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9 PM for Mains examination
- Growing crisis of Indian federalism
- New strategy needed to Counter China
- Disability issues
- Income support for households and firms
9 PM for Preliminary examination
1.Growing crisis of Indian federalism
Source- The Hindu
Syllabus- GS 2- Functions and responsibilities of the Union and the States, issues and challenges pertaining to the federal structure, devolution of powers and finances up to local levels and challenges therein.
Context- Federalism and India’s democratic nationalism.
What were the features of nationalism before India achieved Independence?
- Single state based on unified culture-
- The idea that a community with a strongly unified culture must have a single state of its own, bifurcated into two nationalisms one for muslims and another for hindus:
- For example, forHindu Mahasabha and the Muslim League, Hindus and Muslims were separate nations and needed states of their own.
- Consequences-The primacy of Hindu identity potentially had adverse consequences not only for religious but also linguistic minorities, including those Hindus who viewed their mother tongue as important as their religion. For Hindu nationalists, Hindu identity permanently outweighed being Tamil or Punjabi.
- State based on common culture-
- Historical source –Common culture was defined by shared historical experience, the struggle against British colonial rule, and developed through an interpenetration of ideas emanating from different cultural sources.
- It is secular; composite content is qualitatively different from Hindu or Muslim nationalisms.
- Similarity with Hindu nationalism-Common culture’s basic form is not unlike Hindu nationalism. It too conceives common culture in terms of a strong idea of unity that marginalises or excludes other particular identities.
- State based on common culture which belongs to everyone-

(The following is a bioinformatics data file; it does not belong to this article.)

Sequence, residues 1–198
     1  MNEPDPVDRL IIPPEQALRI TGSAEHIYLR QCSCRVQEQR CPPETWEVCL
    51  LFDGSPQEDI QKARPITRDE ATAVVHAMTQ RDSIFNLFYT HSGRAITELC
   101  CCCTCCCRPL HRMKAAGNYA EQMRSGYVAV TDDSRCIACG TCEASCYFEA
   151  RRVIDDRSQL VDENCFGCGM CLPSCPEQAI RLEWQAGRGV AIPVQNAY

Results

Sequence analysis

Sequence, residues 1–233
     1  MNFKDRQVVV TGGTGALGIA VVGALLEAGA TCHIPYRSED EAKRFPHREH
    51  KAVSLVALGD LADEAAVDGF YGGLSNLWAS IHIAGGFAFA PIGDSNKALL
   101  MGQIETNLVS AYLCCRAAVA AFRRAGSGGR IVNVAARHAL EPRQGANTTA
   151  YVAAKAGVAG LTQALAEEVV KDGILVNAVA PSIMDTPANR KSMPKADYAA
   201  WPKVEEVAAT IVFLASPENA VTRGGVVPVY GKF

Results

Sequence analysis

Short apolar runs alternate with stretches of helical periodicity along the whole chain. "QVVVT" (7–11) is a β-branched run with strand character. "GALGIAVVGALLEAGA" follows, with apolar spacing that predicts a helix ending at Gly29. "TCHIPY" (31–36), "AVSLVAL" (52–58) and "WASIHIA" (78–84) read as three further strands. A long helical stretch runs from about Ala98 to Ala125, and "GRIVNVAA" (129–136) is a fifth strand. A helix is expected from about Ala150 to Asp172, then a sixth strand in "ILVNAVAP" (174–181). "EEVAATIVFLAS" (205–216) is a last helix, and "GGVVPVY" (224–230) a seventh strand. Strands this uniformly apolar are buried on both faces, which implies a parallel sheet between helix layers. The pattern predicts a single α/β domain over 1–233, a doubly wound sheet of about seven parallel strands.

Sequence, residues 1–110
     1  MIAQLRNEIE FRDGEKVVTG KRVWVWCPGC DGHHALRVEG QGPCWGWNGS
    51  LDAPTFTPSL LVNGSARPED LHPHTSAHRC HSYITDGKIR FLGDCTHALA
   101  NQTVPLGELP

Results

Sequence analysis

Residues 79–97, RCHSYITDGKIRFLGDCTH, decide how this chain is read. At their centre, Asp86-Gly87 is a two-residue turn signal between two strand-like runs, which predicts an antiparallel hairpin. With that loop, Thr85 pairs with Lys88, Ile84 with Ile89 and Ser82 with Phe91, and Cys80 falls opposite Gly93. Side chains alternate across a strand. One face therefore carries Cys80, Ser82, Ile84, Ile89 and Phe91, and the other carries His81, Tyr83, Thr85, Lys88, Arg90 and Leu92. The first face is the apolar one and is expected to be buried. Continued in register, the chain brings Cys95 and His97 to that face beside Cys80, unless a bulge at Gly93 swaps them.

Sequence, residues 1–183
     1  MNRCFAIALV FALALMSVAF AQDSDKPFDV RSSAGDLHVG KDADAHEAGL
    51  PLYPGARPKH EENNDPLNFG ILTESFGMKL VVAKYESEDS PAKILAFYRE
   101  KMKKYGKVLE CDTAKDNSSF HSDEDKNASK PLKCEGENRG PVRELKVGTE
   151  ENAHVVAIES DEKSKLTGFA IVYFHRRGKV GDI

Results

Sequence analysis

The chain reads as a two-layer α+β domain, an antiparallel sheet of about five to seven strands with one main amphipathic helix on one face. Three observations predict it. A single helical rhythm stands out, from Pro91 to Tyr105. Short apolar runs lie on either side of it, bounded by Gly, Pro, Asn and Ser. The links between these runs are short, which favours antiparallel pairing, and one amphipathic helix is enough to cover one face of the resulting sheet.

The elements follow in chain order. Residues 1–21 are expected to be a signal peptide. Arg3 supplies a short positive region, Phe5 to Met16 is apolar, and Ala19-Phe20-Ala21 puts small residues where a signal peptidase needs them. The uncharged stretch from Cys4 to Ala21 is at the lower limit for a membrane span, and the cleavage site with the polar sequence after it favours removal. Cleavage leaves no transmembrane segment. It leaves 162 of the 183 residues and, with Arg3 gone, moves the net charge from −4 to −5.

- Coalescent nationalism-Communities nourished by distinct, territorially concentrated regional cultures have the capacity to design states of their own as also educational, legal, economic, and other institutions. They possess self-governing rights.
- They give up independent national aspirations, seeing themselves as constituents of a larger, equally significant common culture with another state that belongs to everyone.
- Conflicts in common culture-Occasional conflicts between the common culture of the central state and distinct cultures of constituent states are admitted but mechanisms to prevent them are also created. This may be called “a coalescent nationalism consistent with a fairly strong linguistic federalism”.
What were the views of Jawaharlal Nehru about ethno- religious nationalism?
- A federation structured along ethno-linguistic lines might tempt politicians to mobilise permanently on the basis of language and divert attention from issues of material well-being.
- Like religious identities, it might ‘freeze’ linguistic identities and increase the likelihood of inter-ethnic violence, encourage separatism and eventually lead to India’s break up.
Which ideology is adopted as the official ideology with the rise of the Constitution and what are the reasons to do so?
- Civic Nationalism-When the Constitution came into force in 1950, India adopted unitary, civic nationalism as its official ideology.
- Coalescent Nationalism-
- After some time India shifted its allegiance slowly to a system of states that rejected the wholesale absorption of ethnic identities into larger civic identity.